“All businesses in California that test or service automatic fire extinguishing systems, including but not limited to, fire sprinkler systems, engineered and pre-engineered fixed extinguishing systems, standpipe systems, and water flow alarm devices must first be licensed through the Office of the State Fire Marshal, or the Contractor’s State Licensing Board. Applicant’s are granted SFM licenses if they meet certain work experience and/or training requirements and pass an on-site field inspection of their facility.”1

In order to obtain an automatic fire extinguishing system license the applicant is required to submit a list of employees and their experience and qualifications.2 This submission must include all confirmations or certificates attesting to employee competency, training, qualifications and manufacturer’s authority to service the system, and other documentation which shows evidence of training received on systems (e.g., seminars, continuing education classes).3 The submissions are then evaluated by the State Fire Marshal’s office to assure the applicant has qualified employees to perform the work on fire extinguishing systems.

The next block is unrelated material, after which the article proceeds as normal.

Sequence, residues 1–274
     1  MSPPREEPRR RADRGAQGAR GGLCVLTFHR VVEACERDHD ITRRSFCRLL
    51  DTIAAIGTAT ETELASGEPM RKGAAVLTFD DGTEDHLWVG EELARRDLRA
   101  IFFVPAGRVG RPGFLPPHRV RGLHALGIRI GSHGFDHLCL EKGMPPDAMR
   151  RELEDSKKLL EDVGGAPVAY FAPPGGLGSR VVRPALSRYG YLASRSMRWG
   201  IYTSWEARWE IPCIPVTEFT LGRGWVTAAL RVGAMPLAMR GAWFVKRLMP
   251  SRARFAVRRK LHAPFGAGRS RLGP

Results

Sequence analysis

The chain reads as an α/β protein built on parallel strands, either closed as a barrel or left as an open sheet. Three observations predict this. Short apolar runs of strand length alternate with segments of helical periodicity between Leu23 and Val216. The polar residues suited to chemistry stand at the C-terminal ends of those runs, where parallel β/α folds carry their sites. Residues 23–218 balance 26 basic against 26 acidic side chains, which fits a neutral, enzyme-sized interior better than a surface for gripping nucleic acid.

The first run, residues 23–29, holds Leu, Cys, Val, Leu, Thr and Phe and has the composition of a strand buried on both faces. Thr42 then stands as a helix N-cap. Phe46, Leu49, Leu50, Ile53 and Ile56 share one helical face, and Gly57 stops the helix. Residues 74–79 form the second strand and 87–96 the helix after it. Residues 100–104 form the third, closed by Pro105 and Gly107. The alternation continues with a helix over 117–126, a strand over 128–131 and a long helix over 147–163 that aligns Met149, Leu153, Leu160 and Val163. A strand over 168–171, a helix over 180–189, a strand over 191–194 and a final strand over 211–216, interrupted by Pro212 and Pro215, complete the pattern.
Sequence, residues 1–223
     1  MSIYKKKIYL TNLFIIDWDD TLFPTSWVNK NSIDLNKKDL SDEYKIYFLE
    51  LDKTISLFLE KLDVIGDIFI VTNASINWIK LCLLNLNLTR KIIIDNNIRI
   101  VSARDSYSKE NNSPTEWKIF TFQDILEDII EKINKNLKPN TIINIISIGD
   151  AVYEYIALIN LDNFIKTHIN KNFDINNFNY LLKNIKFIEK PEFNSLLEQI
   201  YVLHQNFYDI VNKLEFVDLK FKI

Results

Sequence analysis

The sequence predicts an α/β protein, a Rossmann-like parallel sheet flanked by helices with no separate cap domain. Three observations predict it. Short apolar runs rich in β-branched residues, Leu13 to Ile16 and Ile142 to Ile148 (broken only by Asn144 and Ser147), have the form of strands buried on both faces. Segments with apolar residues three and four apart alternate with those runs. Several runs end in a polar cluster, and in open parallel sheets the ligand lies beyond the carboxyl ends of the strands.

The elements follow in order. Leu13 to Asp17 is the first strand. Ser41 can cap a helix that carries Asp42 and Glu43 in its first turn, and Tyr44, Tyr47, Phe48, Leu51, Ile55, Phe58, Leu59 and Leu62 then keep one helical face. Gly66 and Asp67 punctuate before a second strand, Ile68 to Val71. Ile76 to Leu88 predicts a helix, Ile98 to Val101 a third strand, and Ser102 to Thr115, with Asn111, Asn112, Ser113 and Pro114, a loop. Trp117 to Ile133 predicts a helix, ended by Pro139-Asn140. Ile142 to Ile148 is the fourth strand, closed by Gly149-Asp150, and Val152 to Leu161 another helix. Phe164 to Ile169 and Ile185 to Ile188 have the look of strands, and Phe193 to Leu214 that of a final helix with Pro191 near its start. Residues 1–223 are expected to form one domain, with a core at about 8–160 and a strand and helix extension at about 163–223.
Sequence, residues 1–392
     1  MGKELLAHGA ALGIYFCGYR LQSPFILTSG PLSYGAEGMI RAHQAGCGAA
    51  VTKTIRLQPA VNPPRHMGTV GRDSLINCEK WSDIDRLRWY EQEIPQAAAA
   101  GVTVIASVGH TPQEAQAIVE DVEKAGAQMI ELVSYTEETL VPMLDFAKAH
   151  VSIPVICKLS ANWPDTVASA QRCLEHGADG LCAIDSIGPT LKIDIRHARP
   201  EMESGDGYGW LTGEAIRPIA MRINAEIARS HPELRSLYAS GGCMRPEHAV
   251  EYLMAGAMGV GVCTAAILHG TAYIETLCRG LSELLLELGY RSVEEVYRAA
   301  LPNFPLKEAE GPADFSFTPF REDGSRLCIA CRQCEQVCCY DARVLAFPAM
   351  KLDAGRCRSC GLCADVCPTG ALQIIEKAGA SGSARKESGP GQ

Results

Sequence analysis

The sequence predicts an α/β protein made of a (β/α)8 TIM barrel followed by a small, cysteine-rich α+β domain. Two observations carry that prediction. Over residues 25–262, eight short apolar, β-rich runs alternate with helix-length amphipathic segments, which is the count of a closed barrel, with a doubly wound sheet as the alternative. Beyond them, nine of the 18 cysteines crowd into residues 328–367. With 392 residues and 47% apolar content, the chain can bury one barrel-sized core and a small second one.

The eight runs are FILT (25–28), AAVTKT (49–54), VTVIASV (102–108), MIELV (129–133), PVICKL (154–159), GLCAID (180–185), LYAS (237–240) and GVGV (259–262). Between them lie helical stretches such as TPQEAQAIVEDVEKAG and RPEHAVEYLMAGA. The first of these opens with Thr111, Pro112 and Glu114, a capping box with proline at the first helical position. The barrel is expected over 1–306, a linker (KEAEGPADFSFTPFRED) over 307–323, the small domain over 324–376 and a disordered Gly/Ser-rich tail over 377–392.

California already has a licensing program in place for the businesses and their workers who design, install and service automatic fire extinguishing systems. FSSA respectfully suggests that another overlapping program is not warranted.

Second, this proposed legislation has been offered in prior legislative sessions and in view of the principled opposition, the so-called “Sprinkler Fitter Certification Act” has failed to gain support sufficient to pass both chambers. A.B. 600 was introduced in the 2009-2010 Regular Session and A.B. 2288 was introduced in the 2008-2009 Regular Session.